Remember always: find the author; find the date. Once you have done this, your reference is well begun. The title of the blog post or webpage post (not the name of the blog or website itself) is the title (italicized) of the reference. The source (unitalicized) is the name of the blog or of the website. The URL ends the reference. If the author is a group author, there often is no source named, the group author being the source. For this type of reference, a month and day are frequently added to the year in the date element. See examples here.
(Sections 10.16.110-116)

How do I cite a lecture?
It depends on whether the source to be cited is a) an unrecorded lecture or other talk that you have attended; b) a recorded lecture whose audio or video file is retrievable; c) lecture notes or slides.

An unrecorded lecture you attended (online or in person) is treated by APA style as a personal communication because there is no source element for a reader to look up (see section 8.9). Personal communications are not included in the reference list; they are cited only in text. A lecture by Jim Daniels you heard on November 2, 2020 would be cited in text like so: (J. Daniels, personal communication, November 2, 2020).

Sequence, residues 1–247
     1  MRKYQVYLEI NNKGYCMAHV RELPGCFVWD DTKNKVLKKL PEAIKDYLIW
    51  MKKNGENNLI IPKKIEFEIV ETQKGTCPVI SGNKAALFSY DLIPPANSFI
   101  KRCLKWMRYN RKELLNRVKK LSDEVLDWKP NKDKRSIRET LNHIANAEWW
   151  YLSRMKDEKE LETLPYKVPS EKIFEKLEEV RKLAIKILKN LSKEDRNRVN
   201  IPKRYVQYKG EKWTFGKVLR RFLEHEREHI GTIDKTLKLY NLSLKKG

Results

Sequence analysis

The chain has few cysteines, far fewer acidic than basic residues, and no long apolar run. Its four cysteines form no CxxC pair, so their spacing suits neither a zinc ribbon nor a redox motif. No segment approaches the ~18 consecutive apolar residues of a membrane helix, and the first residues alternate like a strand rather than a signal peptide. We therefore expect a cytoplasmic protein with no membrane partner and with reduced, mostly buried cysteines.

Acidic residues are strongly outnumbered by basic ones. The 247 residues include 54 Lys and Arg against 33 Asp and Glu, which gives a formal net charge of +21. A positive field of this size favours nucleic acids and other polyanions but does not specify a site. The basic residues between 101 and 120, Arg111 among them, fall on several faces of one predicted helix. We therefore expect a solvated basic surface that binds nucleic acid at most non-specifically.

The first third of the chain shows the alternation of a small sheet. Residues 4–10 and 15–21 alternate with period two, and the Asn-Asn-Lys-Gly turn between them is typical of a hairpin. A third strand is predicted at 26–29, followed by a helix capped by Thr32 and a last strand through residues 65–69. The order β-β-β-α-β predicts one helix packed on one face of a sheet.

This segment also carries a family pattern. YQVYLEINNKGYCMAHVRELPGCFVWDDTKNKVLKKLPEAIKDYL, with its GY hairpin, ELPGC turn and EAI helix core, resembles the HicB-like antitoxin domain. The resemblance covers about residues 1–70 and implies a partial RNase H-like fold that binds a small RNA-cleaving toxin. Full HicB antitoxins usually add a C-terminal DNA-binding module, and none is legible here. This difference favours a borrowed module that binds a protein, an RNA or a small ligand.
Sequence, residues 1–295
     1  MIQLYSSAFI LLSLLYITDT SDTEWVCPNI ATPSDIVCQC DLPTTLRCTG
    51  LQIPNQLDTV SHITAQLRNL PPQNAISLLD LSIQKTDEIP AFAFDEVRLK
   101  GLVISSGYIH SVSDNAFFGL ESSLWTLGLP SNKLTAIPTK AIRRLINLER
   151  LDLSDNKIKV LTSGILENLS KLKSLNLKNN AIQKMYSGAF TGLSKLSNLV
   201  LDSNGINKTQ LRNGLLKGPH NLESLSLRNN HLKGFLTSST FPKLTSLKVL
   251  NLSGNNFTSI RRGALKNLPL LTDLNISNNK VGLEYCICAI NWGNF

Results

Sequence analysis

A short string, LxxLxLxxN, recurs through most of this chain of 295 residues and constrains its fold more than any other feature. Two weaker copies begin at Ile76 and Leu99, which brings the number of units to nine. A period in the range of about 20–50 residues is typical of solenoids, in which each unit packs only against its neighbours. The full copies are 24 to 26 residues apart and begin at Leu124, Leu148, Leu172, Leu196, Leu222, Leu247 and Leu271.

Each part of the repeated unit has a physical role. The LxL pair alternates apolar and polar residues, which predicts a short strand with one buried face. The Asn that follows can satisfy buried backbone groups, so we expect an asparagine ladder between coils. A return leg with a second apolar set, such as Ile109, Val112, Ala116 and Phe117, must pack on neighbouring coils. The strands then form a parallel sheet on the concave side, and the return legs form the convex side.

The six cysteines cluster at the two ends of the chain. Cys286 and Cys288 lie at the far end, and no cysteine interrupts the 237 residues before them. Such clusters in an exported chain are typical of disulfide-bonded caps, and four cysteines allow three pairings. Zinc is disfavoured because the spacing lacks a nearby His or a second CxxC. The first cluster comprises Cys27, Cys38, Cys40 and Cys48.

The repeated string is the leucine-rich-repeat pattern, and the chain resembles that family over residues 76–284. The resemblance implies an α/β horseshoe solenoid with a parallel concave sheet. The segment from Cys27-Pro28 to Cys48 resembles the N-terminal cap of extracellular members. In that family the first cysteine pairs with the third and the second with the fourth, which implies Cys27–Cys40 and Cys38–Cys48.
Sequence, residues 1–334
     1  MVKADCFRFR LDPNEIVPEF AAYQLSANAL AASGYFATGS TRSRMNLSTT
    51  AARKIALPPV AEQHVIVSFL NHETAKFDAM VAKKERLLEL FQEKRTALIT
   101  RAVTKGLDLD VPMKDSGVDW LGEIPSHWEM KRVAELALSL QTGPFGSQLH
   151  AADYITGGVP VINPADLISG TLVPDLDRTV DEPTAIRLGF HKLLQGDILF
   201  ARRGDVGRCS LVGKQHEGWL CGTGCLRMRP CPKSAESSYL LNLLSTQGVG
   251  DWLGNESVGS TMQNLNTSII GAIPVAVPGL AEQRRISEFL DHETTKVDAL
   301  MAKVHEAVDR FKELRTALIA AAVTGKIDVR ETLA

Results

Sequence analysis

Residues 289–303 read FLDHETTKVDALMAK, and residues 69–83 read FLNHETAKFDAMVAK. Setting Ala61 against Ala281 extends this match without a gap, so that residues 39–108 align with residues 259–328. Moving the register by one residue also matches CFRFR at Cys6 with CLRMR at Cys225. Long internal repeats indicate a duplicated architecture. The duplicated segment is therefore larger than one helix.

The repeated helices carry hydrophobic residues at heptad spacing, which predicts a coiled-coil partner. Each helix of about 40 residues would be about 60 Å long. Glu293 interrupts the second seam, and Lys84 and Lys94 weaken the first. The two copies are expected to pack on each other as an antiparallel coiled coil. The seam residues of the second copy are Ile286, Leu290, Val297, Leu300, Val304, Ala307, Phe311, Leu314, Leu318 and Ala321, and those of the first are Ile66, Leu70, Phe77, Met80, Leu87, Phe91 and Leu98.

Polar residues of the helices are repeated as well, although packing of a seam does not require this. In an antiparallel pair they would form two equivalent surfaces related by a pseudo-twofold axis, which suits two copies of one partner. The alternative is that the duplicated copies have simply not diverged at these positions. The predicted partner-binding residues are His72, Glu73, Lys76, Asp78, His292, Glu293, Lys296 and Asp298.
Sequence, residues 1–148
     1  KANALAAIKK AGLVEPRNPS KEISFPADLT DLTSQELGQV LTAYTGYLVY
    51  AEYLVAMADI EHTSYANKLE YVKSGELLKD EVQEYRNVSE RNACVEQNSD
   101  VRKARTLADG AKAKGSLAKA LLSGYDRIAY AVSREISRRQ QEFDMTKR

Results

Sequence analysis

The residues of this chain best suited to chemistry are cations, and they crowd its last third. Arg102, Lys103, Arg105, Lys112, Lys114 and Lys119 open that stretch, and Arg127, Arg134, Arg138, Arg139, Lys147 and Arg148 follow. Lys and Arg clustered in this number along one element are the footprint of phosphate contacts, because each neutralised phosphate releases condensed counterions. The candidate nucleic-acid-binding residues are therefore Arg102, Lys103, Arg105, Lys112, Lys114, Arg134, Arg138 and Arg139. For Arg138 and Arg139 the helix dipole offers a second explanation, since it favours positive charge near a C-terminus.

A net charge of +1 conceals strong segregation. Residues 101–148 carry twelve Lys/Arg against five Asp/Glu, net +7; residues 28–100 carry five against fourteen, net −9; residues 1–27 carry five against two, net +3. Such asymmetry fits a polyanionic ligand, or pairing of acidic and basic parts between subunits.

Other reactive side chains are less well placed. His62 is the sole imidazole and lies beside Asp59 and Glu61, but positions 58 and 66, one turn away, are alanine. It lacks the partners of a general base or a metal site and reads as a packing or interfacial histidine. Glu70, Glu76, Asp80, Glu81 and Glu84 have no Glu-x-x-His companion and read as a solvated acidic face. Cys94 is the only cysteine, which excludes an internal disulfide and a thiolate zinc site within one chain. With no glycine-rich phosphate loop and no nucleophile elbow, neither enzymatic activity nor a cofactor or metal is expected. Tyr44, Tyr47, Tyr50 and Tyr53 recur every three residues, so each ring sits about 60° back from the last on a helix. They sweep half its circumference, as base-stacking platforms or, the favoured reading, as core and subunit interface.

For a recorded lecture, the reference would provide the link to the audio or video file. If the lecture is on Youtube or another video streaming site, see here or here. If it is a podcast or other audio file, use the speaker or podcast host as the author and the production company or publisher as the source. (See section 10.13.93-96). Note that each reference here includes a format descriptor, a bracketed note after the title that explains the format of the source, whether it is [Podcast] or [Speech audio recording] or [Webinar].

For lecture notes or slides, you will want to link to a copy of the notes or slides. If these are only available on a course website or other restricted source, and your audience has access to this site (e.g., you are writing a student paper), you can link to the login page of the course site. See here and section 10.14.102 for examples. If your audience does not generally have access to the slides or notes, cite them as a personal communication (see above). Here is an example of a citation to a lecture Powerpoint on a course management system:

Rittenbucher, J. P. (2020, February 7). Higher education administration [PowerPoint slides]. Brightspace.

How do I cite a tweet?